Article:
EDITORIAL: Pilgrims without papers

Three hundred and eighty-six years ago a group of undocumented immigrants and native-born Americans feasted together for three days to celebrate a successful harvest made possible by mutual cooperation.

Yes, those Pilgrims showed up in Massachusetts without immigration papers or any other kind of permission from the people who lived there. And the Wampanoag Indians helped them survive, teaching them how to cultivate unfamiliar crops in an unfamiliar land.

That feast in the fall of 1621 is considered a beginning of our Thanksgiving holiday.

In 2007, as we sit down to eat our turkey and trimmings, we would do well to reflect on those beginnings.

This year, we are getting a barrage of ugly hate-speech about undocumented immigrants — people who, like the Pilgrims and hundreds of thousands of immigrants since then, came here to escape hardship of various kinds and to create a better life for themselves and their families. For most of our history, no restrictions blocked them from coming.

It was only in the late 1800s that laws started to be passed to keep one or another group of human beings out. Chinese workers were the first targets, in the notorious 1882 Chinese Exclusion Act. The 1917 Immigration Act blocked people from an enormous “Asiatic Barred Zone” stretching from the Middle East through the South Pacific. It also barred, among others, epileptics, people who were “mentally or physically defective” and anarchists.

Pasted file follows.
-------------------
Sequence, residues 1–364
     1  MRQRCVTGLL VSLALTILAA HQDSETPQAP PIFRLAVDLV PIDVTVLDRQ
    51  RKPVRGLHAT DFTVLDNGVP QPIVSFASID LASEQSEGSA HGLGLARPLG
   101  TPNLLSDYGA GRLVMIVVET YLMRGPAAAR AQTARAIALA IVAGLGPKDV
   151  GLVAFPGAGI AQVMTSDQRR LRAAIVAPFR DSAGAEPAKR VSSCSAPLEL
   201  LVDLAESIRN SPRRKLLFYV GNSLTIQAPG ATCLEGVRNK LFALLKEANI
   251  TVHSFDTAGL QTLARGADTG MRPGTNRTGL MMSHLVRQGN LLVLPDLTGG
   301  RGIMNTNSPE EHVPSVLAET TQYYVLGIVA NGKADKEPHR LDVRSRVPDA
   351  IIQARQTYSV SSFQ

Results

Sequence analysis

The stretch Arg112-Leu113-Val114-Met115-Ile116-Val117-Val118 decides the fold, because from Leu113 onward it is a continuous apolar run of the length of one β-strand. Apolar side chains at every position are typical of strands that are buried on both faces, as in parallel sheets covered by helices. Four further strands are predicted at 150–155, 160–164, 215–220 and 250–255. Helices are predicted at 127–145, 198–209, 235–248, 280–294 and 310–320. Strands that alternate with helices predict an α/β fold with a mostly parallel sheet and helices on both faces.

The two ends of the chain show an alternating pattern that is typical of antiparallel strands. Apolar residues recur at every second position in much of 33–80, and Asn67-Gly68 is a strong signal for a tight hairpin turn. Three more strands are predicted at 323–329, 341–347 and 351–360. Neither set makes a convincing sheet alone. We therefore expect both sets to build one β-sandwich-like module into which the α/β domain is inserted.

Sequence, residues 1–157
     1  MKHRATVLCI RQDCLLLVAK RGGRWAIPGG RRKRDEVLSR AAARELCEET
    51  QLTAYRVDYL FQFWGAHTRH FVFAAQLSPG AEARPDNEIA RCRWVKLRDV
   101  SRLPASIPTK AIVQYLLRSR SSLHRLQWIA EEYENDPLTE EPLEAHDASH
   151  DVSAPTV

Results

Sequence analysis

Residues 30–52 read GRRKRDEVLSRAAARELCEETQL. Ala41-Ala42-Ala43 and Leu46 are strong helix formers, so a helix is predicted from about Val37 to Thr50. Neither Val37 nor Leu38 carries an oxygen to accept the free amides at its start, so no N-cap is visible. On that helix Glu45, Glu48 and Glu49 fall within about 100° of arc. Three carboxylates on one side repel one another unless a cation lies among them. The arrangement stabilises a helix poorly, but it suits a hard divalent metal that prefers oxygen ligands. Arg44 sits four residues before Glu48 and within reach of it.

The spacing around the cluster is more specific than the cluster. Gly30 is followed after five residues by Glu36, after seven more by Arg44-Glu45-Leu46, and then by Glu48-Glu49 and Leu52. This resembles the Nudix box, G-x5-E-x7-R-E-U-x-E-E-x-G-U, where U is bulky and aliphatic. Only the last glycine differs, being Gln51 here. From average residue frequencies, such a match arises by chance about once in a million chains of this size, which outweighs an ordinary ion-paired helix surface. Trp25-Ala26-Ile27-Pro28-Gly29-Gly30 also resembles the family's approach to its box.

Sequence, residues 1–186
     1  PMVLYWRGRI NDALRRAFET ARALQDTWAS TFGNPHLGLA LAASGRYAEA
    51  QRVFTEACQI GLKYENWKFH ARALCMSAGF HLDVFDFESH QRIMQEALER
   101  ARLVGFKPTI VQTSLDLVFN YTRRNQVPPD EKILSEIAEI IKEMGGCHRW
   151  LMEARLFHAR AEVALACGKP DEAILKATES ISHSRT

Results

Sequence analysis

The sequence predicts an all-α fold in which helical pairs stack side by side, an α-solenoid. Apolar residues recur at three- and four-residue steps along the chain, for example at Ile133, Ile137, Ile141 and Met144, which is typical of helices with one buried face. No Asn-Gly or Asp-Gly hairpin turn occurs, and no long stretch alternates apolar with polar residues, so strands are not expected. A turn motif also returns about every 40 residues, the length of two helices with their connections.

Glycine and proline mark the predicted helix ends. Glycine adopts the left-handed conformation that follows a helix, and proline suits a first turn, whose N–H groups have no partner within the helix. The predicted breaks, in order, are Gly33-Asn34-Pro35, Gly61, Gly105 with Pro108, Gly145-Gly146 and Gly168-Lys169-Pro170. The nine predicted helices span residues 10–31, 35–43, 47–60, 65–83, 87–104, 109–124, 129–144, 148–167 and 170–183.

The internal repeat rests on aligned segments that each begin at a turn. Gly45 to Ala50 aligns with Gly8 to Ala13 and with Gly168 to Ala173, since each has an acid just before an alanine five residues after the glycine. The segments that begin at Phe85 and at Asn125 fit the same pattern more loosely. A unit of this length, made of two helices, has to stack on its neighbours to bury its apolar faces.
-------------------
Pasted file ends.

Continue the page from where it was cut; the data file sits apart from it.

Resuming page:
We’ll surely hear pious words about Thanksgiving from our president and his right-wing demagogue friends. But out of the other side of their mouths they scorn the best of our nation’s history and promote the worst kinds of racist, ethnic and anti-worker prejudice.

A lot of ugly history took place after that 1621 celebration, coinciding with the emergence of our country as a continental and then global capitalist power. But equally important are the themes of mutual aid, welcoming of newcomers and appreciation of the bounties of nature that we see in this early celebration. This Thanksgiving, let’s reflect on those themes and vow to overcome the haters and bigots in the new year.